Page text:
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Winer EP, Hudis C, Burstein HJ, Chlebowski RT, Ingle JN, Edge SB, Mamounas EP, Gralow J, Goldstein LJ, Pritchard KI, Braun S, Cobleigh MA, Langer AS, Perotti J, Powles TJ, Whelan TJ, Browman GP
American Society of Clinical Oncology technology assessment on the use of aromatase inhibitors as adjuvant therapy for women with hormone receptor-positive breast cancer: status report 2002
J Clin Oncol (2002) 20:3317-27.
Abstract
OBJECTIVE: To conduct an evidence-based technology assessment to determine whether the routine use of anastrozole or any of the aromatase inhibitors in the adjuvant breast cancer setting is appropriate for broad-based conventional use in clinical practice. POTENTIAL INTERVENTIONS: Anastrozole, letrozole, and exemestane. OUTCOMES: Outcomes of interest include breast cancer incidence, breast cancer-specific survival, overall survival, and net health benefit. EVIDENCE: A comprehensive, formal literature review was conducted for relevant topics and is detailed in the text. Testimony was collected from invited experts and interested parties. The American Society of Clinical Oncology (ASCO)-prescribed technology assessment procedure was followed. BENEFITS/HARMS: The ASCO panel recognizes that a woman and her physician's decision regarding adjuvant hormonal therapy is complex and will depend on the importance and weight attributed to information regarding both cancer and non-cancer-related risks and benefits. CONCLUSION: The panel was influenced by the compelling, extensive, and long-term data available on tamoxifen. Overall, the panel considers the results of the Arimidex (anastrozole) or Tamoxifen Alone or in Combination (ATAC) trial and the extensive supporting data to be very promising but insufficient to change the standard practice at this time (May 2002). A 5-year course of adjuvant tamoxifen remains the standard therapy for women with hormone receptor-positive breast cancer. The panel recommends that physicians discuss the available information with patients, and, in making a decision, acknowledge that treatment approaches can change over time. Individual health care providers and their patients will need to come to their own conclusions, with careful consideration of all of the available data. (Specific questions addressed by the panel are summarized in Appendix 3.) VALIDATION: The conclusions of the panel were endorsed by the ASCO Health Services Research Committee and the ASCO Board of Directors.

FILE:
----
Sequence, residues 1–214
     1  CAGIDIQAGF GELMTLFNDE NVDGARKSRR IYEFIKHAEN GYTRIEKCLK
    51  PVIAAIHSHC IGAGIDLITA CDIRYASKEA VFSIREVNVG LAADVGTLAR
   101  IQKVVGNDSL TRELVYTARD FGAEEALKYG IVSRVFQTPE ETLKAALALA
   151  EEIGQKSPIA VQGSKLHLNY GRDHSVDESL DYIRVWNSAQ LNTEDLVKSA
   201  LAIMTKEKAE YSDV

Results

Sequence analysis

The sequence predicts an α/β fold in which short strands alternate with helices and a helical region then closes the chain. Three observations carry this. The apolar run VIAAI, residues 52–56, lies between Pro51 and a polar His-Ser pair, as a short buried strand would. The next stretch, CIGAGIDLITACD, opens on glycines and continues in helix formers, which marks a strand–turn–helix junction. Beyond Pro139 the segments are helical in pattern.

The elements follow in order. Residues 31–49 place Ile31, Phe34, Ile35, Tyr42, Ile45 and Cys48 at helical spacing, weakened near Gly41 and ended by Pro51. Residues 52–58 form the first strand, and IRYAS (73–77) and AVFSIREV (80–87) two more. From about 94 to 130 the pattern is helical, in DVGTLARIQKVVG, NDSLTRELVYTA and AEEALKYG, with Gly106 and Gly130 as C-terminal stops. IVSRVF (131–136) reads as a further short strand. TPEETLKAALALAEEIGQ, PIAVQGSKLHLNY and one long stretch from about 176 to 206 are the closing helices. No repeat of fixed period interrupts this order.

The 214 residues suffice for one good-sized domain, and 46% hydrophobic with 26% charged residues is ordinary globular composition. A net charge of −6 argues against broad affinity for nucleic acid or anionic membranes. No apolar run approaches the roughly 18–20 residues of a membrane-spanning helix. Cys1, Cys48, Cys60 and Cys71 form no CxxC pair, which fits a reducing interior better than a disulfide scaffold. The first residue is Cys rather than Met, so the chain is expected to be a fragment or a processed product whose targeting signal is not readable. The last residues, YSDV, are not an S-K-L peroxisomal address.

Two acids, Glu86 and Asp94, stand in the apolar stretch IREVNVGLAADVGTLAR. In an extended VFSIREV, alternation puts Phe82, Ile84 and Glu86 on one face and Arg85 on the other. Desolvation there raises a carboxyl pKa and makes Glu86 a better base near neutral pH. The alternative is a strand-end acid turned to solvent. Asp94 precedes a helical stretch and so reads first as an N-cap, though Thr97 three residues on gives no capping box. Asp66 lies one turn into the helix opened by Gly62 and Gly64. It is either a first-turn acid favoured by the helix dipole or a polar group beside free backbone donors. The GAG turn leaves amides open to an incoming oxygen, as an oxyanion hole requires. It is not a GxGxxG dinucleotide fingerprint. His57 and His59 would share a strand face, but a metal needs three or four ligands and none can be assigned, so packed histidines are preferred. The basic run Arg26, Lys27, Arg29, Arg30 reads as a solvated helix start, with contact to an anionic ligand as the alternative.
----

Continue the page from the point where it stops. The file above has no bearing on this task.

Note
Publication Date: 2002-08-01.
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